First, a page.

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Scientists are learning a great deal about habits, and Lieneke Janssen shares with us what the latest findings are.
Lieneke recently completed her PhD at the Donders Institute, where she conducted research on habits. Specifically, she examined the nature of compulsive behavior and looked into how people can break bad habits. We asked Lieneke a few questions, so that we could also find out how to improve our habits.
How do you define habits, and what are bad habits in particular?
“Habits result from learning. When something has worked well for us on previous occurrences, like how the delicious taste of chocolate helped us forget our sorrows, we let these things slip in to form habits. The brain creates a ‘shortcut’ so that whenever we encounter this ‘goodness’ again, we don’t need to think about it; instead, we just go for it. Habits make our behavior fast and efficient, but they bypass our goals and our rational thinking. This makes it more difficult for us to consciously change our habits, as they are not very flexible. For example, when we’ve eaten to the point that our stomach is full, if we feel low we will still reach for more chocolate. Of course, this is not a terrible problem if it happens every once in a while, but if you start to experience negative side effects, then this habit has become a problem.”
Why is it so difficult to break bad habits?
“Habits are strong associations that exist in our mind, which bypass our goals and rationale. So new goals, such as changing our diet or losing weight, are not taken into consideration when taking the shortcut of eating chocolate. It’s like a path that has been taken many, many times: the more often the path is used, the more ingrained it becomes. As a result, it is easier to take the path with the least resistance, making it harder to deviate from this path because that would require more effort.”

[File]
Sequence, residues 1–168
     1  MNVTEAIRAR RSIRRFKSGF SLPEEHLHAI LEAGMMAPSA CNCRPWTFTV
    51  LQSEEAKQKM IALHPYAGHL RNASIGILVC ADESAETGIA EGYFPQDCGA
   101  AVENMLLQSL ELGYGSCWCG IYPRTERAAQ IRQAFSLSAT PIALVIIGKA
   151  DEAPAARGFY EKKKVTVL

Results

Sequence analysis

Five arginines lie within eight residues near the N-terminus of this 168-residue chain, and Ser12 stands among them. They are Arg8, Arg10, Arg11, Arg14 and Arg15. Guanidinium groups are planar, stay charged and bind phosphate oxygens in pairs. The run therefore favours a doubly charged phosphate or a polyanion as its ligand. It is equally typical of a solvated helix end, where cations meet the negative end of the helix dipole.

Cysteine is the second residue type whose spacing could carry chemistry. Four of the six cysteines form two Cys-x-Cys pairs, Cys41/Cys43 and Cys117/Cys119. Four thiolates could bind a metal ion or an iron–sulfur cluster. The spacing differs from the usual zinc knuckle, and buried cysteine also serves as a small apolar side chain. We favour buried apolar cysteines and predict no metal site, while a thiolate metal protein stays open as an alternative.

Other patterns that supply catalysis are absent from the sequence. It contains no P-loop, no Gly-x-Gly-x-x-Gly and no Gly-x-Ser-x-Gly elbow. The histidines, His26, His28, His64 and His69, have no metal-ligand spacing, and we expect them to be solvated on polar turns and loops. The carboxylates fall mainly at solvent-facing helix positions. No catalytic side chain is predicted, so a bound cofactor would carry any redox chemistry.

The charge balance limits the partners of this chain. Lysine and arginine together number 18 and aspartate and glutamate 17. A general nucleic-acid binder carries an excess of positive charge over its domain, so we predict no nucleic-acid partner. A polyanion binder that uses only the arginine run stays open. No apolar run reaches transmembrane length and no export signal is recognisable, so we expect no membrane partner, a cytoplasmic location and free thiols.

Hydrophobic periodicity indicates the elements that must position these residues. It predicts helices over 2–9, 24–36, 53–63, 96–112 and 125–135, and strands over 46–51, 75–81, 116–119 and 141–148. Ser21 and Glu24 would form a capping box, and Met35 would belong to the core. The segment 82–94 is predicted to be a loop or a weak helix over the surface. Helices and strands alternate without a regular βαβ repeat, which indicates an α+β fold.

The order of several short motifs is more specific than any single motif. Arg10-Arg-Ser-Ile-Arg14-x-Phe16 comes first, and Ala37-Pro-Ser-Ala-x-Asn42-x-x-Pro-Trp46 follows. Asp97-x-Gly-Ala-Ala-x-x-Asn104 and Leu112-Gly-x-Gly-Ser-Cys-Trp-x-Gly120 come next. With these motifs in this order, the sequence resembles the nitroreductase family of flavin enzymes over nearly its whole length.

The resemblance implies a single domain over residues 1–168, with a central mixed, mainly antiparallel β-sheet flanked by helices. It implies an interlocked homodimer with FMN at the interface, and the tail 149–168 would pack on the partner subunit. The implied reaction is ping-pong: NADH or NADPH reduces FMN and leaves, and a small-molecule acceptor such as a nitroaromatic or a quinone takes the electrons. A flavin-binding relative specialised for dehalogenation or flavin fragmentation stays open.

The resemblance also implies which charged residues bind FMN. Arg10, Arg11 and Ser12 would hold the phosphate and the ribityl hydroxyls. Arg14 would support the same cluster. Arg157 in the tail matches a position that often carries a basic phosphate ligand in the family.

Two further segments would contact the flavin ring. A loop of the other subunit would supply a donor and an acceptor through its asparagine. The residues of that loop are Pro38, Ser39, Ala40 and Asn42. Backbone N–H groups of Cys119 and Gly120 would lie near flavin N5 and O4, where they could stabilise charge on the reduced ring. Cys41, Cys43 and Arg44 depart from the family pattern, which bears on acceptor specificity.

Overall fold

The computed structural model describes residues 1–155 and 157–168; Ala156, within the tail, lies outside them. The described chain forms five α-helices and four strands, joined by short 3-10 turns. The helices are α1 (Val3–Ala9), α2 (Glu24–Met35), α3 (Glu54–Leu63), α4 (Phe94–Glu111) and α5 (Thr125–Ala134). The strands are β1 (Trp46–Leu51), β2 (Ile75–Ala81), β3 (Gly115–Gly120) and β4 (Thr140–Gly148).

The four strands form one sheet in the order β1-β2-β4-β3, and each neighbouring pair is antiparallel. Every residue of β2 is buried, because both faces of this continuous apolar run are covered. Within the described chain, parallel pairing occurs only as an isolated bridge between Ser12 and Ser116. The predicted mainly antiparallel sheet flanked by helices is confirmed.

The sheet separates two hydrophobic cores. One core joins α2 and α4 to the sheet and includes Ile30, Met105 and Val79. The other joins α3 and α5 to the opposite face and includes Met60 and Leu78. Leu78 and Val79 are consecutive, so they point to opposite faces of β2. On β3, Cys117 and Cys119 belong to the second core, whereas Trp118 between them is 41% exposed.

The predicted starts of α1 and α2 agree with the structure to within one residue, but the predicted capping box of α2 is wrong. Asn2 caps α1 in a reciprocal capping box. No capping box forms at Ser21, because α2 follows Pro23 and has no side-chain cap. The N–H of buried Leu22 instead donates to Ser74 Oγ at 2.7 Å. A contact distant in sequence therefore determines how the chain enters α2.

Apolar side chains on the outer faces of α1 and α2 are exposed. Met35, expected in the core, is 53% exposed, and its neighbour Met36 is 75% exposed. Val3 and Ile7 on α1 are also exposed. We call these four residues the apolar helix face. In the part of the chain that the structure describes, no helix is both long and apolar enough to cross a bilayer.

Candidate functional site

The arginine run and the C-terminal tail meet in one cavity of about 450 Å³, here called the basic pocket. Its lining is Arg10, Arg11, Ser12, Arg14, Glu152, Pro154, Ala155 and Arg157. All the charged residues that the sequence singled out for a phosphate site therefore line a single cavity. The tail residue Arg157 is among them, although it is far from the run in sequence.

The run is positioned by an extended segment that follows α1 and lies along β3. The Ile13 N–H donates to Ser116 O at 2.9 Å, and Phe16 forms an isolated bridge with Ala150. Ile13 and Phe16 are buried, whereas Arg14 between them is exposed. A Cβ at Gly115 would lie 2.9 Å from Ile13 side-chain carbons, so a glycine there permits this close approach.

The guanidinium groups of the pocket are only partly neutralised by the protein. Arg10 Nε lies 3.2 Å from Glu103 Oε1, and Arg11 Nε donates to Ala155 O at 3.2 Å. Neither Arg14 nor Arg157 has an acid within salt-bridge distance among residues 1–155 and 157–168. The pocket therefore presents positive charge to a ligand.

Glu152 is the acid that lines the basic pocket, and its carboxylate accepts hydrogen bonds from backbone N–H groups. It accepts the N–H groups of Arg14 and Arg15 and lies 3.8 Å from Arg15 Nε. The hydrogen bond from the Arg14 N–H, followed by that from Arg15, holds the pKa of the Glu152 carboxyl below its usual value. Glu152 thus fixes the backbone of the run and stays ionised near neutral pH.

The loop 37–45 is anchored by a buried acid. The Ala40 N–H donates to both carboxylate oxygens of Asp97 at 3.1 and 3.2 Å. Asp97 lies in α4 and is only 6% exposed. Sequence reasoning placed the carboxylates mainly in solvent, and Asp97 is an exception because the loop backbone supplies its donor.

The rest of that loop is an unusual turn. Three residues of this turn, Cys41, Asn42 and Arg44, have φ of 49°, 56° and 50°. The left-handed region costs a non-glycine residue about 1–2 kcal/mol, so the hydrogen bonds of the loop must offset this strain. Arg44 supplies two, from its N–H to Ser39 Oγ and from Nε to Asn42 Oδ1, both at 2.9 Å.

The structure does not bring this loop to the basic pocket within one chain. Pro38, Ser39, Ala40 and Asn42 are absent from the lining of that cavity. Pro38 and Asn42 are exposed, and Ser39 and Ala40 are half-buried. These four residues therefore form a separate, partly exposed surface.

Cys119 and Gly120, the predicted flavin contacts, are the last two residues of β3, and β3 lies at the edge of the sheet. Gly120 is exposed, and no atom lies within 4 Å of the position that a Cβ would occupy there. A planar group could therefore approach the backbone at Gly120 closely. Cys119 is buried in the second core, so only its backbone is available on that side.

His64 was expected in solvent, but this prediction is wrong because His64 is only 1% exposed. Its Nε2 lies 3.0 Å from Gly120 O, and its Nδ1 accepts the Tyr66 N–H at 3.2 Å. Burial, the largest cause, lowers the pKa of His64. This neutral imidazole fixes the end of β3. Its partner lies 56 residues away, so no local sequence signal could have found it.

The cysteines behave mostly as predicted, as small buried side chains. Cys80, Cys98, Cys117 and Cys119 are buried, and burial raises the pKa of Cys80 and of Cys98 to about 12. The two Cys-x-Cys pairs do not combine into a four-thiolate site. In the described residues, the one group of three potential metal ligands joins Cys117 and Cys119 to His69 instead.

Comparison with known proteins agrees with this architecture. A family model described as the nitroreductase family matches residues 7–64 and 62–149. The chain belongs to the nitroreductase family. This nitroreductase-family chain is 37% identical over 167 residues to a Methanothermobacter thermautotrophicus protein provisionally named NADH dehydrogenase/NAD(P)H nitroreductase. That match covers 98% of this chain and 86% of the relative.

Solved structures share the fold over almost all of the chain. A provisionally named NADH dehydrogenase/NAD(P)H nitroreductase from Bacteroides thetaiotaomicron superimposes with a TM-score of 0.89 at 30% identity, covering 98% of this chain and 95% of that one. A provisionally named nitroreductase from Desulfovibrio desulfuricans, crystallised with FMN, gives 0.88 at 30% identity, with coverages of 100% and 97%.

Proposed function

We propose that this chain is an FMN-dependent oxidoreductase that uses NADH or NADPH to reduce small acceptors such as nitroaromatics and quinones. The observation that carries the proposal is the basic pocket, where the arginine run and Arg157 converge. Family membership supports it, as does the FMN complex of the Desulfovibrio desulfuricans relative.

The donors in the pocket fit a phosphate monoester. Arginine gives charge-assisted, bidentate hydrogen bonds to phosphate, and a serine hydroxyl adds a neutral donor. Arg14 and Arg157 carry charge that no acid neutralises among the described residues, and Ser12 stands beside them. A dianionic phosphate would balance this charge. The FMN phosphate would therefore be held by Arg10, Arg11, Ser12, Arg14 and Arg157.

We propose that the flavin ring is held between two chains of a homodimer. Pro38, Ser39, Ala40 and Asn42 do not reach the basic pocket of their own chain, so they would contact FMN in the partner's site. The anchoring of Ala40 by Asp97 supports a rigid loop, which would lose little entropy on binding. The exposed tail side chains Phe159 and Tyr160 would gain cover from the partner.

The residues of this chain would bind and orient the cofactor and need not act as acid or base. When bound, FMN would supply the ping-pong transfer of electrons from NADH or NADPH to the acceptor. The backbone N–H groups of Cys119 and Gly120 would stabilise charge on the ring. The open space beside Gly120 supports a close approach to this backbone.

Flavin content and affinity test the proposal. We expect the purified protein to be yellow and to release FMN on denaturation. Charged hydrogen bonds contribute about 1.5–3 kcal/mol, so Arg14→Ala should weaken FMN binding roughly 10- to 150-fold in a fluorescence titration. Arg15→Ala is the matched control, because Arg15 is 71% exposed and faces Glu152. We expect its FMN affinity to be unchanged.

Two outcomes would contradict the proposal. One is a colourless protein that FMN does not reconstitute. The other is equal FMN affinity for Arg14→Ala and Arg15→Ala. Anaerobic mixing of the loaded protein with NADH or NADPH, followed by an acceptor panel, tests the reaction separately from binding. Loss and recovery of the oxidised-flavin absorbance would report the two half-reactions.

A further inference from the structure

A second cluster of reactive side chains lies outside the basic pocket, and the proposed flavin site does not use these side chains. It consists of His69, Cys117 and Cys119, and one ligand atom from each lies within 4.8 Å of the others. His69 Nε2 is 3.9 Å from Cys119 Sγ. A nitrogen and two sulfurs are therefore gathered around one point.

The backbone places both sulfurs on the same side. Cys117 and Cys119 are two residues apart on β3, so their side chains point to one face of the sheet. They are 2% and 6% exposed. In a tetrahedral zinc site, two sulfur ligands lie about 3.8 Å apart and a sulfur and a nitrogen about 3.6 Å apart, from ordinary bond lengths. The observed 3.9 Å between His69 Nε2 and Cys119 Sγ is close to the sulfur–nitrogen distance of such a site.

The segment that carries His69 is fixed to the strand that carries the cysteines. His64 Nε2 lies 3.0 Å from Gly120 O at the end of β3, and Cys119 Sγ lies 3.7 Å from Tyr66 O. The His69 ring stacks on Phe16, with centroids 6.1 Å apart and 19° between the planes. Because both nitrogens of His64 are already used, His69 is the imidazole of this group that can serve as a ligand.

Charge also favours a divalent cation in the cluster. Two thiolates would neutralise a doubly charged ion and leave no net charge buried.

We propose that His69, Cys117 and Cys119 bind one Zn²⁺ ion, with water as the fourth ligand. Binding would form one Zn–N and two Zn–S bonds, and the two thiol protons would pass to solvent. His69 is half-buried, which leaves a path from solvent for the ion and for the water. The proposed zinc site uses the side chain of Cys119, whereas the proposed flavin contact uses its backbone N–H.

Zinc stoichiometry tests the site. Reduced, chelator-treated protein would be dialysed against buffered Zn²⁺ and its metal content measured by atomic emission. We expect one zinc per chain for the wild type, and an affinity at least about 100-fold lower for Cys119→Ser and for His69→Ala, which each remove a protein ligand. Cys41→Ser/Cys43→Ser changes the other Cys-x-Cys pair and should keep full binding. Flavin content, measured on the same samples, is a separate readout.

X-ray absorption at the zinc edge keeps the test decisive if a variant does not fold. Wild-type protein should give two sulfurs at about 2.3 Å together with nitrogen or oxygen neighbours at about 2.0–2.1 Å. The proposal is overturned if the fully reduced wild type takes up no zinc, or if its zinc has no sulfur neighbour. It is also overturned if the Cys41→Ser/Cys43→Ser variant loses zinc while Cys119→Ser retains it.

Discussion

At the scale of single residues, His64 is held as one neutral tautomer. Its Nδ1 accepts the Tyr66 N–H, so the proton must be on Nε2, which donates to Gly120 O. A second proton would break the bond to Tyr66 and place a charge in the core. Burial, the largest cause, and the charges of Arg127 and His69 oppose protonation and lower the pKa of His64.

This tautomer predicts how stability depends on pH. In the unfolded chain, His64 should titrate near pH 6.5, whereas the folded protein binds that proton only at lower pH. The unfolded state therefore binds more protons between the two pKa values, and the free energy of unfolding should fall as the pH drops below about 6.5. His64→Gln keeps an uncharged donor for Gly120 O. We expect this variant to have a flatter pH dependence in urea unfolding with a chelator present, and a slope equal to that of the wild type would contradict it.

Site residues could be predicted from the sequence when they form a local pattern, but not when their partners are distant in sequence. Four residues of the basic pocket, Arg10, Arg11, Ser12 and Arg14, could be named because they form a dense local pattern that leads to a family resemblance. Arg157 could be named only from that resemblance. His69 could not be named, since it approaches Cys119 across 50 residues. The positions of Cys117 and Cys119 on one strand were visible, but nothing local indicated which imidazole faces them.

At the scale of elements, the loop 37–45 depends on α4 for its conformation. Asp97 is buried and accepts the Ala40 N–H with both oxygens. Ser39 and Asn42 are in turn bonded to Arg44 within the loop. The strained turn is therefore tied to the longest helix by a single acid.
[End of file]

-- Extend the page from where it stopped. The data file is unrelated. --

And why is it difficult to form good habits?
“Forming new habits requires discipline. You need to pave a new path and you need to pave and use it well before it can become the path of least resistance, especially when your new good habit opposes your ingrained old bad habit. Forming good habits requires you to pair a certain stimulus (some external cue, mood, or situation) with an action that you wish to turn into a good habit. This needs to be immediately followed by a reward, because you need to motivate your brain if you want to create a new shortcut. If you repeat this often enough, this new path may turn into a shortcut. Unfortunately, there’s no golden rule as to how many days or how often you should repeat this in order to form a proper habit. It all depends on how fast you learn, how strongly your brain responds to the rewards you use to motivate yourself, how consistent you are, etc. “
What can we do to improve our habits?
“To breakbad habits and stick to our goals, we can do three things:
- Remove the stimulus that is associated with our habit (this can be difficult).
- Form new good habits that are stronger than the old bad ones, so that the old ones slowly fade away (with the risk of relapse!).
- Learn to catch ourselves before we take the shortcut, so that we have the space to make a conscious decision again.”
In my next blog post, you will find more tips about building better habits from the experts who attended Lieneke’s graduation symposium. Stay tuned!
For more information, consult Lieneke’s publications here and here.
This blog was written by Marisha. Edited and translated by Jeroen.
Image credits: Lieneke Janssen